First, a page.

By Jessica O’Rourke

From the other side of an iPhone screen, the connection stretching from Washington, D.C. to Crescent City, Susan relays her family’s history. It’s one of horrible atrocity that hardly anyone can comprehend but it is also a story of hope, of resilience.

Elisabeth, Susan’s 91-year-old mother, was 18 when she was deported to Auschwitz in 1944. The Holocaust robbed Elisabeth of nearly her entire family.

Upon their arrival to the extermination camp, Elisabeth’s then 13-year-old brother fell ill. While being placed in a different line — apart from their mother — by the Gestapo, he asked Elisabeth if he should go with her or their mother. Elisabeth urged him to go and join their mother, thinking it would be in his best interest to stay with her. Sickeningly, that was the line destined for the gas chambers. To this day, Elisabeth blames herself for the death of her little brother.

What happened recently in Charlottesville, Virginia may seem like nothing more than a mere, tiny threat carried out by a bunch of ignorant, grotesque racists but that is exactly what many Germans thought when the Third Reich took power. Any act of racism should be viewed as a threat to every citizen of America and every living human being.

Currently, there is an ethnic cleansing taking place in Myanmar, Burma. This is not this first liquidation that has taken place since the Holocaust; genocides are a constant phenomenon. If humankind wishes to progress, we must stop these ridiculous ideas that we are better than someone because of our lineage.

Susan said her childhood was extremely difficult. She described it as “painful, challenging, and sad.” Susan explained, “We kind of grew up learning that when your parents are in the Holocaust, everything that happens to you is kind of second rate. It just doesn’t even register as relevant.”

Not only has Susan been deeply impacted by her mother’s experiences, Grace, Elisabeth’s granddaughter and lives in Crescent City, has also had a rocky time with her grandmother. “I think she’s still traumatized pretty horribly,” Grace said.

Although Elisabeth endured unimaginable pain and suffering, she never let go of her hope for a better future. When asked just how Elisabeth found this hope, Susanexplained, “She used to say things to me like, ‘Never give up.’ What kept her alive was hoping that she could see her family again.”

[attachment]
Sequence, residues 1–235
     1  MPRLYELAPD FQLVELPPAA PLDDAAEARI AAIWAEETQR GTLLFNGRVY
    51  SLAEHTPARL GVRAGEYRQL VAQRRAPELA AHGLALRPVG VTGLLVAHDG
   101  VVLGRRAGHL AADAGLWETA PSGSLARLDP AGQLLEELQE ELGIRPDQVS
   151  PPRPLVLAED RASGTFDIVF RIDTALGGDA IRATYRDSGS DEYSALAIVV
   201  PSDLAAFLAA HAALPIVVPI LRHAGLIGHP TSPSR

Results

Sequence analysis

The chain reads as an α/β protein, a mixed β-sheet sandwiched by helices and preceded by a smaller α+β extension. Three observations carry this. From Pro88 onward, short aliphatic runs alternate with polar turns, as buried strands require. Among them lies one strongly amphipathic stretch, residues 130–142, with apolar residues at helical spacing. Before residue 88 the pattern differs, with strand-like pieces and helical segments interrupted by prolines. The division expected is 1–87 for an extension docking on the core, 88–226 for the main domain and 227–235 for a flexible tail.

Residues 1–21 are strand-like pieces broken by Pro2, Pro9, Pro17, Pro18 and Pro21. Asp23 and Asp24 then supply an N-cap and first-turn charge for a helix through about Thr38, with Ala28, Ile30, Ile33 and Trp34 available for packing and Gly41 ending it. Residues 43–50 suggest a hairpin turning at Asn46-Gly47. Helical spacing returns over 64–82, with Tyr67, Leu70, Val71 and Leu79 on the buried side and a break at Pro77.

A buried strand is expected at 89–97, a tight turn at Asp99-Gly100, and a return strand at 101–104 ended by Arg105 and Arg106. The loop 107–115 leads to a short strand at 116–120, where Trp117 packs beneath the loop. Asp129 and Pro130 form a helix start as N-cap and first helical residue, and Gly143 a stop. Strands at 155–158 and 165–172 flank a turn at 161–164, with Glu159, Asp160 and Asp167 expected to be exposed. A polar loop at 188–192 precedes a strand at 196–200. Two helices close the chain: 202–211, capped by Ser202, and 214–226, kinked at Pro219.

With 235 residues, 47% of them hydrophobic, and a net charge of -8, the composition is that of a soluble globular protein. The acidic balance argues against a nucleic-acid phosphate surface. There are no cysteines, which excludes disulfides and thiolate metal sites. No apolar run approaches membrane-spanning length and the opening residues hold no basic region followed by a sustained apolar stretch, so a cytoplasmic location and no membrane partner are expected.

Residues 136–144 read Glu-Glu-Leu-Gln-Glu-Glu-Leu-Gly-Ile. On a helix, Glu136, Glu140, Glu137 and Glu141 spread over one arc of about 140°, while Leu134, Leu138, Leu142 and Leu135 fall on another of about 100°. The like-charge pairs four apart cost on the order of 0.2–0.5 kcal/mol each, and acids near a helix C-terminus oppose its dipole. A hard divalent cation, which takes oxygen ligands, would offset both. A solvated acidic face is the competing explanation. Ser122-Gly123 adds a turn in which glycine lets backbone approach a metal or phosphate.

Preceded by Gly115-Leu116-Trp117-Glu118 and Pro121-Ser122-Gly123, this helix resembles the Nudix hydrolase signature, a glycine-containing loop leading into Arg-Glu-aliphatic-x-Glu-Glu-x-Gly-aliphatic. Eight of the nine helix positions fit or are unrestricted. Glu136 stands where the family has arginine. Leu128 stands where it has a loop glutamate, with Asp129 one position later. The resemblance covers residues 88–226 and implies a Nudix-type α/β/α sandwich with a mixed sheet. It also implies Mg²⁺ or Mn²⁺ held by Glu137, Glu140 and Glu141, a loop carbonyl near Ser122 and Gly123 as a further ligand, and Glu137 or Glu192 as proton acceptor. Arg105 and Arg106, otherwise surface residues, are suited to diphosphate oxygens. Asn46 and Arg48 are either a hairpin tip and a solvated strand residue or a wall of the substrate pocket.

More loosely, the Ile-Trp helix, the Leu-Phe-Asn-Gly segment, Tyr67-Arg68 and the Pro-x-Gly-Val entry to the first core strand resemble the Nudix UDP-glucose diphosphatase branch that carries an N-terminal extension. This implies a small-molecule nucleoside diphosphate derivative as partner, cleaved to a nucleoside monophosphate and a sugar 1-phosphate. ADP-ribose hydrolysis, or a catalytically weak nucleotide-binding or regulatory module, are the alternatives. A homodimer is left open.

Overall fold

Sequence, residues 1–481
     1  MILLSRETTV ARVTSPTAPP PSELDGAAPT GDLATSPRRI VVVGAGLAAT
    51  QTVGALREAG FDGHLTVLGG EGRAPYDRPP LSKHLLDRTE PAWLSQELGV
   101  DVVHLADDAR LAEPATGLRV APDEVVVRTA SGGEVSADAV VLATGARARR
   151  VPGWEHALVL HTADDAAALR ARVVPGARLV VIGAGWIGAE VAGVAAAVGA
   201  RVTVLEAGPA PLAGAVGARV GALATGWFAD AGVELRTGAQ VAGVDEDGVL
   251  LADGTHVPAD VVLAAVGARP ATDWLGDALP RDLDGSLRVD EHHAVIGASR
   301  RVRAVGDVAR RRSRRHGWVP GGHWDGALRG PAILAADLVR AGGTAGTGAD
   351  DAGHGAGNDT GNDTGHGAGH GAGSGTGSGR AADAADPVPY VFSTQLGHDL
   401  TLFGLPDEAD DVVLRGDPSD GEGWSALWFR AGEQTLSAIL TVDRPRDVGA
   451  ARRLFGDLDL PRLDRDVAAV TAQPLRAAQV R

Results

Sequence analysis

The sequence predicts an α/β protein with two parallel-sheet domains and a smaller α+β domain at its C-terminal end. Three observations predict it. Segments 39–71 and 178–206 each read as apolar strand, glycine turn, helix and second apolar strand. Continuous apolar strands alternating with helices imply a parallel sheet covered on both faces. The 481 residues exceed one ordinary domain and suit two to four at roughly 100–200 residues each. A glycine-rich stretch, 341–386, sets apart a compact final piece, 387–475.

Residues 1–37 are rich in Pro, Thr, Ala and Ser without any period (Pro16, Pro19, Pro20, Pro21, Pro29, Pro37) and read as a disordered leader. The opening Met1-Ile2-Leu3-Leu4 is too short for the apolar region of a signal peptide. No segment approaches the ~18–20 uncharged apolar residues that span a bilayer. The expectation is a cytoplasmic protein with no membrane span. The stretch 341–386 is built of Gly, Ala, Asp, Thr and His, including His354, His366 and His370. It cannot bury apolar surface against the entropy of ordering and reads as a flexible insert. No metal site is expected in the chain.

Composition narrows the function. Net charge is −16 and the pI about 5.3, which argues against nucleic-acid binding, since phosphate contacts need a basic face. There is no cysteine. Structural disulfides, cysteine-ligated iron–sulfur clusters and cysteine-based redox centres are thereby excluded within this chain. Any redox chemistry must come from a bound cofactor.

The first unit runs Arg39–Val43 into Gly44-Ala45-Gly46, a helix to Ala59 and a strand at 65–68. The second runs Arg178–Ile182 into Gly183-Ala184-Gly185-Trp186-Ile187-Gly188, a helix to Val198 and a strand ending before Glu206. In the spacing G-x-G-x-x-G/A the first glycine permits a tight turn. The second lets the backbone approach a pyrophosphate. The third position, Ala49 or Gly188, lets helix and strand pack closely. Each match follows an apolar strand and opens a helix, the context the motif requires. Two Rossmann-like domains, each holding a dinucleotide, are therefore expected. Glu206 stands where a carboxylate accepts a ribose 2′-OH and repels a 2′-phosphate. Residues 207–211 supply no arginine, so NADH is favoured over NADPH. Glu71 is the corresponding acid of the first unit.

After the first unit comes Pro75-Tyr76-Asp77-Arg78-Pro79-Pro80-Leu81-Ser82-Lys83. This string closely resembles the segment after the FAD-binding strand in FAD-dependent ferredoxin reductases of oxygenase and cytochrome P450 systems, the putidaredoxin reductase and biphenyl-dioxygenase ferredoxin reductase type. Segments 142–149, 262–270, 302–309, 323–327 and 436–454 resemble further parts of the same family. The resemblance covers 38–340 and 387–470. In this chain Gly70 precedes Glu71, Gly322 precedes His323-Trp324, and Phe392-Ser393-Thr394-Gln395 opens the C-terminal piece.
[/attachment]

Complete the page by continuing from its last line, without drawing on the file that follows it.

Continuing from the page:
Elisabeth now speaks weekly about her experiences, feeling she has a duty to act as a witness and keep genocides from reoccurring, and to teach the importance of tolerance and peace. Ever since she laid eyes on the killing machine that Auschwitz was 74 years ago, her being has been forever altered by her experiences. Yet, somehow, she always prevails through her struggles. “I think she sees the good in people, which I’m very impressed by,” Grace said.

When Susan was asked what is most misunderstood about the Holocaust, she stressed how many believe because the genocide occurred so long ago, it is no longer as prevalent today. However, the horrors of the Holocaust are still very much alive. “Trauma breeds more trauma. When parents are traumatized, there is secondary trauma that gets passed down to the kids, and even the grandkids.”

Elisabeth, like many Holocaust survivors, was a fighter. Her testimony serves as a poignant warning to future generations; we must never forget, nor bury, the past. Susan cautions: “People have the potential for evil, and, unless we really are conscious of it, it (genocide) happens.”

Susan believes that, if we recognize our own capacity for evil, we can rise above it. “Can’t change what we don’t see or know about,” she explains.

A very wise, brave man named Elie Wiesel once said: “A destruction, an annihilation that only man can provoke, only man can prevent.” Please, stay informed, be aware and speak up. Don’t be silent accomplices.

Jessica O’Rourke is a student at College of the Redwoods Del Norte and a volunteer at the Del Norte Historical Society Museum in Crescent City. She is pursuing plans to become a Holocaust historian and author.